I have deliberately used the same title for this post as my 2017 Editorial in Annals of Applied Biology and if you were to run it through Turnitin™ you would find a very high percentage similarity indeed 🙂 I had originally planned for this post and my Editorial to appear simultaneously, but thanks to modern publishing practices, the January issue of the Annals of Applied Biology, hit the virtual newsstands in mid-December and put the kibosh on my cunning plan.
Once a year I am wheeled out to do a guest lecture to the final year agriculture undergraduates on the Global Food Production module here at Harper Adams. I start off the lecture by reminiscing about when I was an agricultural zoology undergraduate student at the University of Leeds in 1975 and was introduced to the concept of Integrated Pest Management (IPM), or as it was termed then, Integrated Pest Control. I was very much taken by this idea and on my next visit home, approached my Uncle James, a farmer, and explained the concept to him and suggested that he might like to implement it on his farm. To my surprise, he was not convinced by my arguments, and replied with words to the effect, “It all sounds rather tedious, and after all, I can do all my pest control much more easily using a tank mix, so why should I bother?”. This attitude was, at the time widespread among the UK farming community and elsewhere despite the concept having been formally discussed in the scientific literature since the late 1950s and early 1960s (Stern et al., 1959; de Fluiter, 1962). Despite the benefits of IPM being recognised and extolled IPM by researchers and agronomists for many years, take-up by growers has been much slower than expected (Kogan, 1998; Hammond et al., 2006). Resistance to the adoption of integrated pest management is not new, Benjamin Walsh writing in 1866 wrote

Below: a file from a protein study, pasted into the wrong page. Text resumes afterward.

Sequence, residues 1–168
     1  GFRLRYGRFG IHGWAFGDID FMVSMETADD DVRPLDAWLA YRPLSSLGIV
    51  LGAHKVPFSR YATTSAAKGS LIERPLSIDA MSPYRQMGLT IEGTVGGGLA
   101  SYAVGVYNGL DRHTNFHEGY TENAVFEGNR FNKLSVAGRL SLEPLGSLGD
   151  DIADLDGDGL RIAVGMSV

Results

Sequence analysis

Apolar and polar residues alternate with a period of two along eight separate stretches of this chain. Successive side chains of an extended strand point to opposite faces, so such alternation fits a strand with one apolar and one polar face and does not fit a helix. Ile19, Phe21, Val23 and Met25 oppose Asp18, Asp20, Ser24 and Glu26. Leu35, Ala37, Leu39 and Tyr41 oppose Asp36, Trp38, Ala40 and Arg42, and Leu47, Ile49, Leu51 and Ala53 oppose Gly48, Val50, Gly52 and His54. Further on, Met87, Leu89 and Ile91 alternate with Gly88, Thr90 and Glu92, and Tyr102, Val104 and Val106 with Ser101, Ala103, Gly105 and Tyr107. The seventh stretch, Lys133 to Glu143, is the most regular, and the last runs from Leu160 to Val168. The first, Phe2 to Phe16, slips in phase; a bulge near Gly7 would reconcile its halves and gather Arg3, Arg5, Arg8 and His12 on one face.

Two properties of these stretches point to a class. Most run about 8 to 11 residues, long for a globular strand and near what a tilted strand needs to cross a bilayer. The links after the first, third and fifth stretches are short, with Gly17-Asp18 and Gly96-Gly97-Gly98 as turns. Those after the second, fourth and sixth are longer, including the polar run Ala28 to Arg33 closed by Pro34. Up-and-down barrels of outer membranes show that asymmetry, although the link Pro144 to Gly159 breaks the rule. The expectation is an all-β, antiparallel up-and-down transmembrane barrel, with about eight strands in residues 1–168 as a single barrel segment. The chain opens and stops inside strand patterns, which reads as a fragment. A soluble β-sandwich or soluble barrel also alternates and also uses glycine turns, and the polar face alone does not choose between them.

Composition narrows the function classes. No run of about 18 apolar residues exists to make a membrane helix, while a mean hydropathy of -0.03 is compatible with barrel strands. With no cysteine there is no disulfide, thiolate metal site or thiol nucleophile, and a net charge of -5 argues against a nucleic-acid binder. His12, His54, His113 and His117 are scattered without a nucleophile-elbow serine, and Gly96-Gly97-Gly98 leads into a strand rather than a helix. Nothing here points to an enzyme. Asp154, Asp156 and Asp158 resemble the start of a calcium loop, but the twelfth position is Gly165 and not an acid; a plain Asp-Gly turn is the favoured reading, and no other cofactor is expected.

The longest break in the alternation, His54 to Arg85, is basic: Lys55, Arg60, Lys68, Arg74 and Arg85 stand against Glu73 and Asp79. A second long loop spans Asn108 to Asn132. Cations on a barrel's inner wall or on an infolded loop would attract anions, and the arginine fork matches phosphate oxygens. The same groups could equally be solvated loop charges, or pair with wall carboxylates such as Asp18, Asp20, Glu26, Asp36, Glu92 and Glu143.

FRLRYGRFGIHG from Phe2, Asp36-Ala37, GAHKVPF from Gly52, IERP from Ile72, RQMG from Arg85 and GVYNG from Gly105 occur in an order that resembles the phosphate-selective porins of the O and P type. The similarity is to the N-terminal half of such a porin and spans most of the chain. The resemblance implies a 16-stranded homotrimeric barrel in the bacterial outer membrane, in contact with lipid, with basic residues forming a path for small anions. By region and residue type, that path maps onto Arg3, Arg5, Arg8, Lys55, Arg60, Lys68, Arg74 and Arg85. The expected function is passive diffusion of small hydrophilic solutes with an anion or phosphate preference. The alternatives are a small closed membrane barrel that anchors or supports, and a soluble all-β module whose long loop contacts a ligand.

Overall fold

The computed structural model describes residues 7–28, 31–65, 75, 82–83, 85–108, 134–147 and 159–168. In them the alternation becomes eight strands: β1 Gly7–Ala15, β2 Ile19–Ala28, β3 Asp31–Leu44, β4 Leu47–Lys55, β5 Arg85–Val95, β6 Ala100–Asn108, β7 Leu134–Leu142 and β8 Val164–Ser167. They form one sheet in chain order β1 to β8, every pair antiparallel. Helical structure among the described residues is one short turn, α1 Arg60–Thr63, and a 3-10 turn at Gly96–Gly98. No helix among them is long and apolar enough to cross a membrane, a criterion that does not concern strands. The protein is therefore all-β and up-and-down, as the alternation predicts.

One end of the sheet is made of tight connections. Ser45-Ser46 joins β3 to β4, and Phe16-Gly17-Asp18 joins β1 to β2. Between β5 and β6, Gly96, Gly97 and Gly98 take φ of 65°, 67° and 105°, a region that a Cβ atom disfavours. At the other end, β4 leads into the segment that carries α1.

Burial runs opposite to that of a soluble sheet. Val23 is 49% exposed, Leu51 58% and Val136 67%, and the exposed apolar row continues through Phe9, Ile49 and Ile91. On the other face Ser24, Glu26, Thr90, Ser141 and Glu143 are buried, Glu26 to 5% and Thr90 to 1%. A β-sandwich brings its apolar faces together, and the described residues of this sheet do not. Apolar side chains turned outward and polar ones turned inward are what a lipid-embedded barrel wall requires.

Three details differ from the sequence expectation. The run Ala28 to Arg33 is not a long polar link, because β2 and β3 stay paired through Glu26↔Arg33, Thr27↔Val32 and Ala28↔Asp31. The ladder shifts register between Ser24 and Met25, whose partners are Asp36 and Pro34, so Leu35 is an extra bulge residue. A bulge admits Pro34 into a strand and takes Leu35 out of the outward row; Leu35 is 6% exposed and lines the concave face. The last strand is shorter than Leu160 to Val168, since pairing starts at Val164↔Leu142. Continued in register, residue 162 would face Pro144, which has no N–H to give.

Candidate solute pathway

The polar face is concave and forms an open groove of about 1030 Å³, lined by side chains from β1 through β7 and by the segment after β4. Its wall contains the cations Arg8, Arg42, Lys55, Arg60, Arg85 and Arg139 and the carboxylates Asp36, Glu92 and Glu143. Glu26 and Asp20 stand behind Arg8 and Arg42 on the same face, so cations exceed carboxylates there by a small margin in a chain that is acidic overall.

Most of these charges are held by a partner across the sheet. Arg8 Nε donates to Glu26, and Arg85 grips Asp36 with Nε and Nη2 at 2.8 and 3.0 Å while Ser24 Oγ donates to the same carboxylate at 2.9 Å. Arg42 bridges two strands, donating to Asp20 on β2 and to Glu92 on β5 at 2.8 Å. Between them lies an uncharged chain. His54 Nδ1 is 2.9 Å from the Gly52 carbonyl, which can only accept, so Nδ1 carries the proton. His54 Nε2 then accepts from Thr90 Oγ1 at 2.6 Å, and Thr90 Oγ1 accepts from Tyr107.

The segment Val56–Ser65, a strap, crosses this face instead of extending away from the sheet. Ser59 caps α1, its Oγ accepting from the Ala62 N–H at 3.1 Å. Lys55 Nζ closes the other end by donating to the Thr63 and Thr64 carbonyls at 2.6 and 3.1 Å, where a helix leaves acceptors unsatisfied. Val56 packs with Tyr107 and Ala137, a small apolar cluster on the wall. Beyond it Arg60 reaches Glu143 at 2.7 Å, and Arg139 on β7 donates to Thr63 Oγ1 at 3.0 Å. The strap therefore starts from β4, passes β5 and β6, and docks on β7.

“Let a man profess to have discovered some new patent powder pimperlimplimp, a single pinch of which being thrown into each corner of a field will kill every bug throughout its whole extent, and people will listen to him with attention and respect. But tell them of any simple common-sense plan, based upon correct scientific principles, to check and keep within reasonable bounds the insect foes of the farmer, and they will laugh you to scorn” Benjamin Walsh The Practical Entomologist